An estimated 54 per cent of South Asian youth leave school without the necessary skills to get a decent job in the next decade, according to data produced by the Global Business Coalition for Education (GBC-Education), the Education Commission, and UNICEF.

According to the data, South Asia lags behind several other regions in preparing the next generation of young people with the skills they will need for 21st-century work. Projections place South Asia well below the global average. This builds on the estimates UNICEF produced with the Commission last year on the projected learning outcomes in 2030 for all South Asian countries.

“Every day, nearly 100,000 young South Asians – a large sports stadium of young people – enter the labour market, almost half of them not on track to finding 21st-century jobs,” said Henrietta Fore, UNICEF Executive Director. “South Asia is at a critical juncture, with a limited window during which it can reap significant demographic dividends from its talented and capable youth. Get it right, and millions could be lifted out of poverty. Fail to do so, and economic growth will falter, youth despair will rise, and further talent will be lost to other regions.”

With almost half of its population of 1.8 billion below the age of 24, led by India, Pakistan and Bangladesh, South Asia will have the most significant youth labour force in the world until 2040. This offers the region the potential to drive vibrant and productive economies. Suppose substantial investments in skills development are made. In that case, the region is poised to maintain strong economic growth as well as an expansion of opportunities in the education and skills sectors in the coming decades.

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Peace and prosperity have always been two universal goals that all countries strive for. Since the mid-2000s, policymakers have encountered a significant dilemma: continue to exclude youth and overlook the challenges they experience, aggravating the conditions that contribute to violence, or include youth in deconstructing and addressing these factors, contributing to greater peace and prosperity.

This recommendation paper integrates recent research, policy, and programming on juvenile socio-economic inclusion in order to highlight significant programming and policy recommendations that can help to promote better youth inclusion and violence prevention.

While the literature and policies/ideas are studied with a focus on South Asian countries, we consider that the thematic key recommendations can be implemented elsewhere in the world to increase young representation in the socio-economic setting.


Considerable overlap between literature and strategic objectives in national and regional youth policies is also highlighted in this suggestion paper. While it displays great promise, it also reveals some obstacles that may contribute to gaps in policy formation, implementation, and outcomes.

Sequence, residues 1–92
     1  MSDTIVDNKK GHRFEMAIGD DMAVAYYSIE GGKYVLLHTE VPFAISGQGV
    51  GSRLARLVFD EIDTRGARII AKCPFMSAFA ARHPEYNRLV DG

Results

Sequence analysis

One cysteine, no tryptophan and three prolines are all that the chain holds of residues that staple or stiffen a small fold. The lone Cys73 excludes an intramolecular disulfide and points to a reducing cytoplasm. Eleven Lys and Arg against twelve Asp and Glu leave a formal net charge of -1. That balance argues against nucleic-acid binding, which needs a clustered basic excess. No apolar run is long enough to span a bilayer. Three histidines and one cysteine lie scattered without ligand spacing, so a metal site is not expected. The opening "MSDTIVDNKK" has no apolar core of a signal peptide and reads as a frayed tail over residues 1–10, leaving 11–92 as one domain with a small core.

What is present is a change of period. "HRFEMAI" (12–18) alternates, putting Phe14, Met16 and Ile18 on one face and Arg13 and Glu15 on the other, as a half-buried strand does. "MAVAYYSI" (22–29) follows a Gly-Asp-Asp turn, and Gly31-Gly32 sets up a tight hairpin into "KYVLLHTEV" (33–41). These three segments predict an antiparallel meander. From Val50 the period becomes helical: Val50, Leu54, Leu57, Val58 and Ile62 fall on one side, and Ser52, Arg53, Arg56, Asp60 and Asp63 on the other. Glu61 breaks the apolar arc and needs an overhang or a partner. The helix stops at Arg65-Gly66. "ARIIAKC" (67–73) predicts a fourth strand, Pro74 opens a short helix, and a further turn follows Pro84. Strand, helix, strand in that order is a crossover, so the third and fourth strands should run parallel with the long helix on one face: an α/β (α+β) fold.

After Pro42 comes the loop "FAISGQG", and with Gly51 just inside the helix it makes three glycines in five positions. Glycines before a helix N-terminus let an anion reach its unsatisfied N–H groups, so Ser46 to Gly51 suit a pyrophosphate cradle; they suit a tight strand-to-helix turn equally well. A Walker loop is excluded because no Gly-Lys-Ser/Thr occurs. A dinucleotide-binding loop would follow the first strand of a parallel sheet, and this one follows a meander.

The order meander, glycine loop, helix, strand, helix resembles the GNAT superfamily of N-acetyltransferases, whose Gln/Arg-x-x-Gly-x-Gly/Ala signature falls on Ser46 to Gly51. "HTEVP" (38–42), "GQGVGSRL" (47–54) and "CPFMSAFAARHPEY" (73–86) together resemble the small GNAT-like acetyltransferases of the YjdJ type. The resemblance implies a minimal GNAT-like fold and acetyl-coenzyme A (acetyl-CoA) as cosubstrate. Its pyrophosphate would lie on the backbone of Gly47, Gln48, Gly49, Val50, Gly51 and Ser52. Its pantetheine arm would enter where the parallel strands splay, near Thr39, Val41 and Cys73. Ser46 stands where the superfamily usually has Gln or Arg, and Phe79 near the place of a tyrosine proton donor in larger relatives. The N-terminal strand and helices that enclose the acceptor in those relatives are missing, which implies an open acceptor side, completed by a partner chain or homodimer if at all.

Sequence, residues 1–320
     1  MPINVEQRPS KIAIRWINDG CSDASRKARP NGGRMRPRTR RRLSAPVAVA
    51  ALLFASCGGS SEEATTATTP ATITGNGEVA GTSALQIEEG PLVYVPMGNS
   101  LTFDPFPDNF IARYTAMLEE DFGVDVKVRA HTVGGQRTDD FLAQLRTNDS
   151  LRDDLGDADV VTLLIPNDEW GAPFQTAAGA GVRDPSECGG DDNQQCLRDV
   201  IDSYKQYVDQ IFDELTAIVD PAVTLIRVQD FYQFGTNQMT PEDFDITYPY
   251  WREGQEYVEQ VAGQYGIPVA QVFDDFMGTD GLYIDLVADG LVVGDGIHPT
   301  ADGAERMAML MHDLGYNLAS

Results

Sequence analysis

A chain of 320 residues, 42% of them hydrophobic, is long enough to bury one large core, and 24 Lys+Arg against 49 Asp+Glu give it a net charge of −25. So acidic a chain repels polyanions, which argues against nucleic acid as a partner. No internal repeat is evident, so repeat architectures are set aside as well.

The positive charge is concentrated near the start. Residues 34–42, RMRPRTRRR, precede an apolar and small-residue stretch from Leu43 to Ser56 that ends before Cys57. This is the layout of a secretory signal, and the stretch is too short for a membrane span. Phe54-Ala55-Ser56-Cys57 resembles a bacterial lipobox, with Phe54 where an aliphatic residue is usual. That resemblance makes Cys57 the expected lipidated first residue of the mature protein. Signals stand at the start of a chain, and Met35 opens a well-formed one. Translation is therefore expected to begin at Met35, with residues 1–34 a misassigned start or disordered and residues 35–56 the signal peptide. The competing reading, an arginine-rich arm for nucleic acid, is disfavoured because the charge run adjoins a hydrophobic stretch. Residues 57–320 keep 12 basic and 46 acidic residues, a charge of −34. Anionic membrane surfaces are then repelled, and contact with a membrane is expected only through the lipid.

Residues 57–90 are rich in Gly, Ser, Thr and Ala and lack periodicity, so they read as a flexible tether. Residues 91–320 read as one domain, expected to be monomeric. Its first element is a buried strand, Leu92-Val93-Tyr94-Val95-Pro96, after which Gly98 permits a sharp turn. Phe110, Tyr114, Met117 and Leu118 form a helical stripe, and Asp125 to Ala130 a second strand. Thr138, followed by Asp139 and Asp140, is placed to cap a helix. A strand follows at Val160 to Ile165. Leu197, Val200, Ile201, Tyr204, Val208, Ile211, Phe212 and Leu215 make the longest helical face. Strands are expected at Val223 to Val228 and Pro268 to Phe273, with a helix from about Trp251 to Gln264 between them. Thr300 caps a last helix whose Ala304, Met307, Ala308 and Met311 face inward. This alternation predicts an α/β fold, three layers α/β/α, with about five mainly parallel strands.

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The study’s primary research question was: Youth Inclusion in Socio-Economic and Livelihood in South Asia Region.

Several specific research questions guided the scope and methodology focus of this study to answer this topic.

This study is descriptive in nature, adopting a mixed-methods approach to draw population assumptions from a non-probability sampling. Although the survey sample methodology does not guarantee representativeness, the ‘weighting adjustment’ rectification technique was used at the post-survey stage to address certain groups’ potential over-representation or under-representation. This allowed for broad generalizations about the region’s juvenile population (forming a “South Asia average”), as well as representation in terms of actual population ratios by country, gender, and location (urban/rural).


To capture the aspirations, perceptions, preferences and experiences of South Asian youth Inclusion in Socio-Economic and Livelihood in South Asia Region, quantitative and qualitative research methods were used to collect data from youth between the ages of 16–34 years in the south Asian regional countries. Both methodologies allowed for a balance of empirical research and individualized narratives, resulting in a snapshot of young people’s experiences, perspectives, and goals in South

    The Rotaractors developed an online questionnaire from the South Asian regional clubs belonging to the Rotary International. As the primary instrument to assess the survey


  • Focus group discussions
    Youth perspectives and stories were collected through focus groups to truly comprehend young people’s views and perceptions on education, skills, and the broader economy. This was done to collect in-depth qualitative data on the target population’s perceptions and assess the survey results, with a focus on marginalised and underprivileged people in the region.

    Evaluating the data requires a comprehensive understanding of the respondents’ sociodemographic characteristics. Before the weighting changes for the nation, gender, and occupation form (rural/urban), the demographic variables of the youth survey were weighted.

Research Report / policy recommendation paper